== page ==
by Dan Christensen, Tudor Collegiate Strategies
Throughout the recruiting process, there are going to be many different pieces of information you need from prospects. Some questions are better asked at specific points in the process. There are two questions that you can and should ask right from the beginning. The answers to these questions will give you very important information you’ll need as the coach throughout the entire process.
If you have been recruiting a prospect for a while and still don’t know this information, it is okay. But, you should attempt to get this information as soon as possible. And if you are reaching out to a recruit for the first time, ask these two questions in that first conversation.
1) Who is helping you make your decision?
There is always going to be someone back at home helping your recruit. Very often it is mom and dad. But, it may be a coach, a friend, another relative, or a teacher. Whoever it is, you need to know who that is and how to get in contact with them.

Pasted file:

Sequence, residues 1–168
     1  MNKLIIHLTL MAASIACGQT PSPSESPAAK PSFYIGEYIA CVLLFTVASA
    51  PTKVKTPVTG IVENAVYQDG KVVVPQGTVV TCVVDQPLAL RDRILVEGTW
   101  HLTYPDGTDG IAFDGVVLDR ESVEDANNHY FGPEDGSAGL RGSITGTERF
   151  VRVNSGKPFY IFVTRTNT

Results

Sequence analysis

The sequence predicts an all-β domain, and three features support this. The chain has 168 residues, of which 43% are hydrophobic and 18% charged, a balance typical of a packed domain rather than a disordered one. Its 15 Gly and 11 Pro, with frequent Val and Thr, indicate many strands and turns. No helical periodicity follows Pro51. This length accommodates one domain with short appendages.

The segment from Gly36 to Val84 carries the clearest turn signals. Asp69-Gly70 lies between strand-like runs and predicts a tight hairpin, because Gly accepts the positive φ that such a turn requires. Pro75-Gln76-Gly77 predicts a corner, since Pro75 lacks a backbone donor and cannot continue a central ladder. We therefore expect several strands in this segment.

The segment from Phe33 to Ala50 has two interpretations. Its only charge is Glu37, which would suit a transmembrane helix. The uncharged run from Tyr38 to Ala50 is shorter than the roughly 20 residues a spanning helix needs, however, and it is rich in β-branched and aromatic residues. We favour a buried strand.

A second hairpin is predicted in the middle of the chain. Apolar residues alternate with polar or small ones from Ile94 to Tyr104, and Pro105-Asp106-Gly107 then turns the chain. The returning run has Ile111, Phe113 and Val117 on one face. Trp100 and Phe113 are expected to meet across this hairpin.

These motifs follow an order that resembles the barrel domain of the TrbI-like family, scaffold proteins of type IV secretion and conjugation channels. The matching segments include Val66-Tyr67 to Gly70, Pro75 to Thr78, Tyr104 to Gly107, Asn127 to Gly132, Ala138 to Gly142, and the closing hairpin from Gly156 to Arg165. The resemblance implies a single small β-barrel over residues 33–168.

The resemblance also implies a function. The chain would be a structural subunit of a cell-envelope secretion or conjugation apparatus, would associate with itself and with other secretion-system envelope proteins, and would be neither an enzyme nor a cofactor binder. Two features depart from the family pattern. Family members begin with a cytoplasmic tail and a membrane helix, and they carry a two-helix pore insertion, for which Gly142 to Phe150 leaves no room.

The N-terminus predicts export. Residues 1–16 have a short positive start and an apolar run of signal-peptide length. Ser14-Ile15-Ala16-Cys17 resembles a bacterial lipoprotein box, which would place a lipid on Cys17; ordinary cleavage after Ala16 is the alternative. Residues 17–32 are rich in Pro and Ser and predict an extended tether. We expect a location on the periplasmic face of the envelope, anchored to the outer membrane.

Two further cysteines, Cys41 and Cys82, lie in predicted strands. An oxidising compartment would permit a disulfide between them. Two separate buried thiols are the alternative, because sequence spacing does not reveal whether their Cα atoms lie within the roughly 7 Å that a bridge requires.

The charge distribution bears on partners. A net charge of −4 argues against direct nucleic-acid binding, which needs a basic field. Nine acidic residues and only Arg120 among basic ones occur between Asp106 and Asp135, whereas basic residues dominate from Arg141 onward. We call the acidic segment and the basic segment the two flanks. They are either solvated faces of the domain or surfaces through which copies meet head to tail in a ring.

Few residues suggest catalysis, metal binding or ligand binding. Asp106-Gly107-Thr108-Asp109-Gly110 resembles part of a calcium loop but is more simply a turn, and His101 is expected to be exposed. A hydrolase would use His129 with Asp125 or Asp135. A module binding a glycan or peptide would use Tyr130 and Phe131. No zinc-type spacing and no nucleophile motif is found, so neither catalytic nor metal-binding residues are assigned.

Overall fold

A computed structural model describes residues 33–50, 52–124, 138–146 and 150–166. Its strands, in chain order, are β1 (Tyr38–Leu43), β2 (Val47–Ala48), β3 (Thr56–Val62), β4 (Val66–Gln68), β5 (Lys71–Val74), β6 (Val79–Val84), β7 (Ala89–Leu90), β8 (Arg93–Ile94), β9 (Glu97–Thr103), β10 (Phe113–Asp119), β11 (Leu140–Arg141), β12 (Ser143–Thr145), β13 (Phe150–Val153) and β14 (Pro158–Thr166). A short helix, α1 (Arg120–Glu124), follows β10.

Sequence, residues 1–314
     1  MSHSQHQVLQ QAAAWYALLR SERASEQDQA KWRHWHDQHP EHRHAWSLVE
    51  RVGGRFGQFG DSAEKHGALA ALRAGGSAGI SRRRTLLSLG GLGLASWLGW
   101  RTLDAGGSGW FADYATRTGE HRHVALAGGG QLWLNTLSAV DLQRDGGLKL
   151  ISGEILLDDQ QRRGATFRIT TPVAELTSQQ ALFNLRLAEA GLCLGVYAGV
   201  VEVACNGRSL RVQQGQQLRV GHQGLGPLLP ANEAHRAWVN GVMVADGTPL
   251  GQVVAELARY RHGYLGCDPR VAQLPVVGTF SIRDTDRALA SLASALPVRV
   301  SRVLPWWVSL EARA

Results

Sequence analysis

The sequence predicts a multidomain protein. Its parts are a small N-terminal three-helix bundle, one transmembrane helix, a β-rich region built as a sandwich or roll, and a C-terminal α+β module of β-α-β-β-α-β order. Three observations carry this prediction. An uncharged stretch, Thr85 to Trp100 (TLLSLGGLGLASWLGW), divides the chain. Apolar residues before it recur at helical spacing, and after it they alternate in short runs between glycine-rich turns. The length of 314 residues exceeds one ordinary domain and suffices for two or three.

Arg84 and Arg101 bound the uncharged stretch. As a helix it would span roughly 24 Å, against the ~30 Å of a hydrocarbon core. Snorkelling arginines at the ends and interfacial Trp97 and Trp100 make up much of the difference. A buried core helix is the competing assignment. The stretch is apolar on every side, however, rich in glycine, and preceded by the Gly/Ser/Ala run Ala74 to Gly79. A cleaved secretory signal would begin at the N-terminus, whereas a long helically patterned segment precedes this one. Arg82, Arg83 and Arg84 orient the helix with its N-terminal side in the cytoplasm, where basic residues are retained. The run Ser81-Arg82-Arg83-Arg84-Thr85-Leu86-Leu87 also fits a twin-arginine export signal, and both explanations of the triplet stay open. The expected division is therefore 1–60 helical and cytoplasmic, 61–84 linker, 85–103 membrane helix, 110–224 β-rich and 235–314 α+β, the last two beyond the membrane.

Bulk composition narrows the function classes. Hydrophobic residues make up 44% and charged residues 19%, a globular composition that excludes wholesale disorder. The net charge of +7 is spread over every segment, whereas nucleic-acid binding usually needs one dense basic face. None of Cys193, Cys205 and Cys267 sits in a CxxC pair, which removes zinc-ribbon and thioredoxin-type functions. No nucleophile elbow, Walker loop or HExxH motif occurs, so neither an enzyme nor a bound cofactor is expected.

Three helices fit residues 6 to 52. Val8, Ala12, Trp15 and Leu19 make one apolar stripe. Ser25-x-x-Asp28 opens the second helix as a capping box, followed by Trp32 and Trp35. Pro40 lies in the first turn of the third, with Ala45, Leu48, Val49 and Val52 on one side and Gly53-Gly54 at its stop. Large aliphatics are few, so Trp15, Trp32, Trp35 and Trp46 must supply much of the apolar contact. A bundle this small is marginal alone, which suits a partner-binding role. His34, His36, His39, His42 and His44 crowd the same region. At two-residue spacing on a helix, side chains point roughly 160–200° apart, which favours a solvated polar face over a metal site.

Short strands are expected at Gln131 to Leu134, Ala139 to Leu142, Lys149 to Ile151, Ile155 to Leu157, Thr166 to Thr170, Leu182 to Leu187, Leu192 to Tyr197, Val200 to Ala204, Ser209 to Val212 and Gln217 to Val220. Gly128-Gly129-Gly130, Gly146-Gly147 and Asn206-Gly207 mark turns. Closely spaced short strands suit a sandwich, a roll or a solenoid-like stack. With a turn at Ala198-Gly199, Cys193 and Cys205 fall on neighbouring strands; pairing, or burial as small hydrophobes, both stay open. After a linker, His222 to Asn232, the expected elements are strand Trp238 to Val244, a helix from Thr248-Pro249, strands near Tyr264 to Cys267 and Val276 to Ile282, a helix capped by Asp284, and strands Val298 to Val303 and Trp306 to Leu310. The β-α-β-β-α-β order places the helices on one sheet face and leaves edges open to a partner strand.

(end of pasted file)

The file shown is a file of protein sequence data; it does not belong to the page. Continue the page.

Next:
Just as you should be communicating with your prospect consistently, you should be communicating with that person consistently. That person is going to give their opinions to your prospect. They are going to help that recruit narrow down their choices. They might even be the one to help coordinate the campus visit.
If you don’t tell that person back home who you are as a coach, a program, or a school, they’ll form opinions that are completely out of your control. You don’t want that coach. You want to tell them how to think about you.
So, if you don’t know who these people are in your recruit’s life, ask! And ask soon so you have plenty of time to tell that person your story as well.
2) What is your timeline for a decision?
Coach, you want to know if they are deciding in a month or a year. You don’t want to be caught by surprise when they commit elsewhere before you have a chance to go through your process.
But, very often you’ll find the answer to this question is, “I don’t know. We haven’t thought about it yet.” This can actually be a great answer because now you have the opportunity to guide them and give advice. And if you have a timeline of your own, you can better get them to work within your timeline.
Whether it is a recruit you have been talking to for a year or it is the first conversation you’re having with them, ask these two questions and use their answers to help you be more effective in recruiting that athlete!
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